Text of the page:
The University of Birmingham educates over 30,000 students, with more than 6,000 doors providing access to student accommodation. Gallagher’s integrated access control solution is responsible for providing operational continuity and creating a safe and secure environment for residents. The University recently completed its new state-of-the-art student accommodation development, Chamberlain, which consists of a 19-storey tower and three low-rise blocks. An essential requirement was an integrated access control system, reducing the need for keys. Timothy Owen, General Manager of Student Accommodation at the University says, “We wanted to move away from using keys as students are prone to losing them and trying to manage thousands of locks and associated keys was a constant administration and financial drain.” In order to minimise the complexity of managing a new system, the University required a solution that integrated with, or was an extension of, their existing campus access control and accommodation management systems. “We need to maintain control over access to our buildings, while ensuring a duty of care to our residents and staff so that they can go about their business as required,” says Timothy. “Fundamentally, we needed a system that gives both us and our resident’s confidence in the security of the accommodation.” Gallagher Command Centre, together with the Aperio wireless locking technology, was selected as the University’s choice Aperio wireless locking technology A large and complex estate with buildings of different construction and age, the University needed a solution that was flexible enough to accommodate their unique requirements. Gallagher Command Centre, together with the Aperio wireless locking technology by ASSA ABLOY Access Control, was selected as the University’s preferred choice, meeting their security needs in a cost effective way while still delivering to the overall specification. Timothy says, “The completion of our new state of the art Chamberlain development was extremely close to the date of the first student arrival, so the team had to be dedicated and work flexibly to ensure it was ready in time – which it was.” Gallagher Command Centre integration The Gallagher Command Centre integration allows for the access key and student ID to be combined into one card, offering a number of benefits to both students and staff. Previously the accommodation arrival process required students to arrive at the University with their contracts and queue up so that a member of staff could sign them in manually and hand them the keys to their accommodation. From there students could head to their room. “Arrivals is always a busy time but with the help of the Gallagher solution we’ve not only improved the student experience but also the administration process,” says Timothy. “Now the student ID and accommodation key is encoded on to one card so it can be posted out in advance and access to the room automatically granted via the accommodation management system. Students no longer need to queue for keys, can get to their rooms instantly, and spend more time enjoying their arrival experience.” Secure, authorised access control The simple act of swiping an access card automatically checks the student in and an attendance report can be instantly generated The simple act of swiping an access card automatically checks the student in and a report can be generated to show who has arrived and who hasn’t, allowing staff to follow up accordingly. If the room is no longer required it can be quickly and easily re-allocated to another student, resulting in improved occupancy rates. Using Gallagher Command Centre together with the University’s accommodation management system allows staff to check on the well-being of students by monitoring the use of their access card. Student security and tracking The University also houses students under the age of 18, and one of the safeguarding requirements is that the University can monitor their whereabouts on a daily basis. Timothy adds, “This can be difficult to achieve with many students to track, but Gallagher Command Centre can easily confirm the time and location of our resident’s last door access, providing peace of mind that students who may be uncontactable are in fact on site.” University staff are also seeing positive improvements since the installation of the new system – particularly at the start of the year. The arrivals process is now less congested and more relaxed. The team have far fewer issues than with physical keys, enabling them to spend more time on the overall student experience. Since the installation of the first 800 bedrooms at Chamberlain, the University has already extended the system by a further 900 at Mason, with plans in place for an additional 1500 bedrooms this summer. Combined access and student ID card “Replacing keys with a combined access and student ID card has reduced our operational costs as we now have far fewer keys to purchase and store,” explains Timothy. “The student experience has improved and staff are now free to deal with urgent matters and offer a more personal service. We can easily create reports to help us audit access and have generally provided a much more modern and secure place to live and work.”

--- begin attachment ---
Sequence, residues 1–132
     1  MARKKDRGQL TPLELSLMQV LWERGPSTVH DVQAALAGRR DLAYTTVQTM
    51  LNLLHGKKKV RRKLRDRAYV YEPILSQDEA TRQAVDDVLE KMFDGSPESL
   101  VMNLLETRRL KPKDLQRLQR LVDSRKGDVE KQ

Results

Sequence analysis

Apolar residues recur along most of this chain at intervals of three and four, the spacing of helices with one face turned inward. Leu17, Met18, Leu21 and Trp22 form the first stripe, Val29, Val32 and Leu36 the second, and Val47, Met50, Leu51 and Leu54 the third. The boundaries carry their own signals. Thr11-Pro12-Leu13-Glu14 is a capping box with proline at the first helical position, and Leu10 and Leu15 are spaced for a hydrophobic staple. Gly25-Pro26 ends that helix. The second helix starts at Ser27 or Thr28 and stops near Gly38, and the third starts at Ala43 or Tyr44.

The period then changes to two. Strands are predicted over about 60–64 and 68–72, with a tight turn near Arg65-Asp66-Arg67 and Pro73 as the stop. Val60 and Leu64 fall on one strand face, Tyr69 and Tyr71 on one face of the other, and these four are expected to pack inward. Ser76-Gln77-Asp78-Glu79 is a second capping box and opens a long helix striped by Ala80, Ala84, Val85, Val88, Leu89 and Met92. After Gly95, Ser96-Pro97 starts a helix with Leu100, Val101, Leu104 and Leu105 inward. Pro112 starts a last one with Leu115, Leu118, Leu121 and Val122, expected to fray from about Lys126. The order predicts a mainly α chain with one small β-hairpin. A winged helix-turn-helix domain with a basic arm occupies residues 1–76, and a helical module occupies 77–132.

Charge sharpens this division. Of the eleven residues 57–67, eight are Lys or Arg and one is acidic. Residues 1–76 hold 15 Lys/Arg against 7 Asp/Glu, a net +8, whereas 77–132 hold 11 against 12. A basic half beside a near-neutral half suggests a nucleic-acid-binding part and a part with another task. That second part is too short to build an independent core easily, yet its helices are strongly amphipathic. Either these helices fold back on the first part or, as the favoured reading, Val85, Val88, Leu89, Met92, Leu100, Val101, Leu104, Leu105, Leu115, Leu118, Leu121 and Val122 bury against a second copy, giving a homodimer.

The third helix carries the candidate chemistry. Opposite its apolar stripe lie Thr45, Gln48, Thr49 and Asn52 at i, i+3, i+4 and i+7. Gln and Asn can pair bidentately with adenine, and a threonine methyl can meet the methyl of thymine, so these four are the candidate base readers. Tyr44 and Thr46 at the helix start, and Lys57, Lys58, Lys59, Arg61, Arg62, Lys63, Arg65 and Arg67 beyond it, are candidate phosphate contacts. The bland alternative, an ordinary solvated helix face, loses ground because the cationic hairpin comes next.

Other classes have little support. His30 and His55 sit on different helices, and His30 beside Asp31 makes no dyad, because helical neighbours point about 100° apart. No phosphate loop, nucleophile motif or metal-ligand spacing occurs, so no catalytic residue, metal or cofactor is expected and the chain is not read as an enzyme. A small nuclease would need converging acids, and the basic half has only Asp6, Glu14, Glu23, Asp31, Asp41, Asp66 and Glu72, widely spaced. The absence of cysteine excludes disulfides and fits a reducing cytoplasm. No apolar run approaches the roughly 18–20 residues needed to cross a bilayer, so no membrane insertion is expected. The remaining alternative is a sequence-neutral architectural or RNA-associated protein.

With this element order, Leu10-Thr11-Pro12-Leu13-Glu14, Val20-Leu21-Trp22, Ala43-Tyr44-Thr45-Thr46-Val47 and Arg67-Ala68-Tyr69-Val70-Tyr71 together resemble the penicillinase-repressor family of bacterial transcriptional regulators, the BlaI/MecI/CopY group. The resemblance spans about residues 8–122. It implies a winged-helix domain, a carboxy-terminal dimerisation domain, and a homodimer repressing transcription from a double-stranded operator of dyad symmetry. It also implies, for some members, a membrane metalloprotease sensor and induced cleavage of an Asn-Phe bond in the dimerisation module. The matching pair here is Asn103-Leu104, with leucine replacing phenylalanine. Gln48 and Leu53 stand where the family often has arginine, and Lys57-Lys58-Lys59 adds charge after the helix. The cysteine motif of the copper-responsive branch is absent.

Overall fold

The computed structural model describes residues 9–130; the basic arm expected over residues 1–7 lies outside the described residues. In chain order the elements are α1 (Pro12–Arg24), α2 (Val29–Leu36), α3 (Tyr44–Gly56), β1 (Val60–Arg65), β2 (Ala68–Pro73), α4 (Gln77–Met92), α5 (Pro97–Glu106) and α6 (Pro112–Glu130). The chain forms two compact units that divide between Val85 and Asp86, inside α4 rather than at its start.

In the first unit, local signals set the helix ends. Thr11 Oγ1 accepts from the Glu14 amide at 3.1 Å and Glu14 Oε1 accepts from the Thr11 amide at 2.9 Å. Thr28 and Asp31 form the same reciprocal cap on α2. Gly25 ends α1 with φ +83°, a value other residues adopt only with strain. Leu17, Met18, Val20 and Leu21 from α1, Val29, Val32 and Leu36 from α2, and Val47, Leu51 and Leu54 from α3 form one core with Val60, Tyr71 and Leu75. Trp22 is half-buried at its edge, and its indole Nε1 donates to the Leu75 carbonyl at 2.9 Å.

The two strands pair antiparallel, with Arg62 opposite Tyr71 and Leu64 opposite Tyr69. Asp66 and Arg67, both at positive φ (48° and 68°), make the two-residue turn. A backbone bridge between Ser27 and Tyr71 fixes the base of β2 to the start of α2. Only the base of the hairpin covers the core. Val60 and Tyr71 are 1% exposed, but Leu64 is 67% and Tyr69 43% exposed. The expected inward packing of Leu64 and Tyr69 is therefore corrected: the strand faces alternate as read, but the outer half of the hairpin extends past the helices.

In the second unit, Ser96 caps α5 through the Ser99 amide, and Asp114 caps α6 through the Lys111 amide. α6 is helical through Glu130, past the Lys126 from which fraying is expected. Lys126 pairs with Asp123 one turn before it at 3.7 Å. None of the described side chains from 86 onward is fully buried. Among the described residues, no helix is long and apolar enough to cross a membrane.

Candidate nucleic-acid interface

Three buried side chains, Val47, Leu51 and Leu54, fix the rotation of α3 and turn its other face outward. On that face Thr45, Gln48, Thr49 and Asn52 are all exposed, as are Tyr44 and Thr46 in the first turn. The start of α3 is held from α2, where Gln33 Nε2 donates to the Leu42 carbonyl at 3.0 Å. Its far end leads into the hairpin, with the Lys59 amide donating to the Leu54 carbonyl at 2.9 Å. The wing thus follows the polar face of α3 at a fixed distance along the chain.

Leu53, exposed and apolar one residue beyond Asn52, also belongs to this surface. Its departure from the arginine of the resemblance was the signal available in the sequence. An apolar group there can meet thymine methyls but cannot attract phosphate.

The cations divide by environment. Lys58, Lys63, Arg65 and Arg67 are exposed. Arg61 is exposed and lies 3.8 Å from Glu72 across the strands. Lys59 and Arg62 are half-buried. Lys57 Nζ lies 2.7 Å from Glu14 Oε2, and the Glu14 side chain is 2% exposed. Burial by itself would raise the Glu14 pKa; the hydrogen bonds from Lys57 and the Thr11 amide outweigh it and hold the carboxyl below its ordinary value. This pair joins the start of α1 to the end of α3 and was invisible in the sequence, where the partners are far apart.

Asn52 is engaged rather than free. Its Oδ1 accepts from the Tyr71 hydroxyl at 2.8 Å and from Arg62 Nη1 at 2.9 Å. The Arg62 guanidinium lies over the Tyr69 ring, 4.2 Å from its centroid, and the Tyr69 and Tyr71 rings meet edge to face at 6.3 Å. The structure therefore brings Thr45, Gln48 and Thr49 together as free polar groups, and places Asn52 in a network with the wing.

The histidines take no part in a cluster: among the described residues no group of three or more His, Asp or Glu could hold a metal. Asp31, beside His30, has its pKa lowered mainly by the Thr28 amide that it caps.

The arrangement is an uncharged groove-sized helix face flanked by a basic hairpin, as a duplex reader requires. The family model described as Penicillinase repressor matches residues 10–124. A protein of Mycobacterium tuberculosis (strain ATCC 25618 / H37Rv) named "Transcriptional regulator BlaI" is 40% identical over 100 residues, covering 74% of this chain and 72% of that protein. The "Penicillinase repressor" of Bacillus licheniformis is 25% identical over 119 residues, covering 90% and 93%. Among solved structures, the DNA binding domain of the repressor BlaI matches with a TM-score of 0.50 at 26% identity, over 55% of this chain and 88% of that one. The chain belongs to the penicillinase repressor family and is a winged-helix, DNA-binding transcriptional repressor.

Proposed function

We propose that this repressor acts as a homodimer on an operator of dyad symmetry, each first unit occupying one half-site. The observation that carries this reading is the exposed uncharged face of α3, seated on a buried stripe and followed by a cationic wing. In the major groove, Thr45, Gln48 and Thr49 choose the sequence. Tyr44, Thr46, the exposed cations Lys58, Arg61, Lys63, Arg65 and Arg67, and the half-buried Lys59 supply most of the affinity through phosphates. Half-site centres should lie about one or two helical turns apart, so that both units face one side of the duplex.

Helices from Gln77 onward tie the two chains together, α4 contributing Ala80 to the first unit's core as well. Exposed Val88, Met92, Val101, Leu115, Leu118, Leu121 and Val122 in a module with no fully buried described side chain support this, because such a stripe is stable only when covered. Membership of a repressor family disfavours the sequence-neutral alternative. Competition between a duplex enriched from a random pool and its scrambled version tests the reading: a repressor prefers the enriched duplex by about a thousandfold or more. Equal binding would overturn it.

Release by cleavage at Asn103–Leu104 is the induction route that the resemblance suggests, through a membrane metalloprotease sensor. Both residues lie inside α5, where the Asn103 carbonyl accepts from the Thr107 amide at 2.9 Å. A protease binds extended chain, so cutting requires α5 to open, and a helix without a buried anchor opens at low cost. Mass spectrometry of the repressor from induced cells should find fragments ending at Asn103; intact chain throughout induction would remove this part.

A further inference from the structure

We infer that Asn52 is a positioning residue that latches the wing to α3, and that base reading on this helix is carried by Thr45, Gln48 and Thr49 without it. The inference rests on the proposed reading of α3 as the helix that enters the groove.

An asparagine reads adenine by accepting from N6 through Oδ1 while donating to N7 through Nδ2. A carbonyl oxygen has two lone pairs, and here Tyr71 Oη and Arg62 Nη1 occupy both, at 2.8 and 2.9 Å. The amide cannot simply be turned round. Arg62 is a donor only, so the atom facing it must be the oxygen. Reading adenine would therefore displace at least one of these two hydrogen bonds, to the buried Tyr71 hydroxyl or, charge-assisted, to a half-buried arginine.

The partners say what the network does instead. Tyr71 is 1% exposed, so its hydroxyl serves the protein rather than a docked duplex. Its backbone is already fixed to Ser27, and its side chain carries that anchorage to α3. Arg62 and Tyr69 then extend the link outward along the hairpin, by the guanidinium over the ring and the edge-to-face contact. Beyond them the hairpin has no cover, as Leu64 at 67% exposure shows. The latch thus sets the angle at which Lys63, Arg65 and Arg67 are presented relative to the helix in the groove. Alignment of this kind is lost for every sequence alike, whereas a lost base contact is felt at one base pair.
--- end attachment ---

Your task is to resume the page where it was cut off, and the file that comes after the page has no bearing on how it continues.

King’s College London, based in the centre of London in UK, is a world-leading university and a founding college of the renowned University of London. One of the oldest universities in England, it was established by King George IV and the Duke of Wellington in 1829, receiving its Royal Charter in the same year. Campus security and access control King’s College London had been using a variety of access control products to control and manage security across its multiple campuses. Its key requirement was a standardised access control system that could operate college-wide and be scaled to include new buildings and establishments. Also, considering the college campus is based in the heart of London, the threat of terrorism and active shooter incidents is a major concern for KCL, especially in more recent times where attacks have taken place extremely close to college buildings and campus. With thousands of students and employees to protect, the need to adopt the latest security features is essential in order for the college to keep all areas secure, in particular student accommodation, high security labs and research facilities. Gallagher access control solution Gallagher’s access control products were easily integrated with King’s College’s existing systems With Gallagher technology already successfully deployed in isolation at the university’s Guy’s and Strand campuses, it made sense to select Gallagher as the access control platform of choice for the entire college. Gallagher’s access control products were easily integrated with King’s College’s existing systems, including staff and student databases, and sources for cardholder information. This included the college’s enterprise Identity Management system, called FIM, which provides daily updates on joiners, movers and leavers to allow accurate decision-making by the security team. Additionally, Gallagher products were integrated to work alongside SITS, the college’s student management system, providing rapid updates of new students so that individual ID cards can be issued once the registration process is complete. Gallagher Mobile Connect app KCL has also invested in new mobile technology, with Gallagher readers that can be accessed via a mobile phone using the Gallagher Mobile Connect app. This will allow students and staff to conveniently access designated areas, control lighting, visitor access, and more. While it is still early days for the college using this technology, the system is adaptable and provides the ability to add features that meet future requirements. The overall benefits of the Gallagher security solution deployed at King’s have proved significant. Nick O’Donnell, Director of Estates and Facilities at King’s College London, says the Gallagher solution “improves service to King’s College’s facility users, especially its students, and reduces the college’s reputational risk by removing technical barriers to comprehensive security management.” Streamlining multiple security systems Streamlining the differing security systems used by individual campuses by introducing a college-wide standardised system has highlighted many additional advantages, including a considerable reduction in costs for training, special projects and operator skills. Gallagher integrations allow extra security features to connect to Gallagher Command Centre Gallagher integrations allow extra security features to connect to Gallagher Command Centre, creating a central administration system that keeps things simple to manage. Integrating with Aperio, for example, ensures doors are locked when people leave the room – providing peace of mind that rooms won’t be accidentally left open over night or during the weekend. Student and staff ID management Gallagher’s proven technology has boosted King’s College’s confidence in its electronic system. When there are alerts, the university’s security services can consult a single system and react quickly. Card holders are also now registered on one system, allowing tighter management of passes. Overall, the college reports fewer system failures, with better decision-making between its numerous estates and libraries, while multi-site students, staff and visitors have experienced easier card management.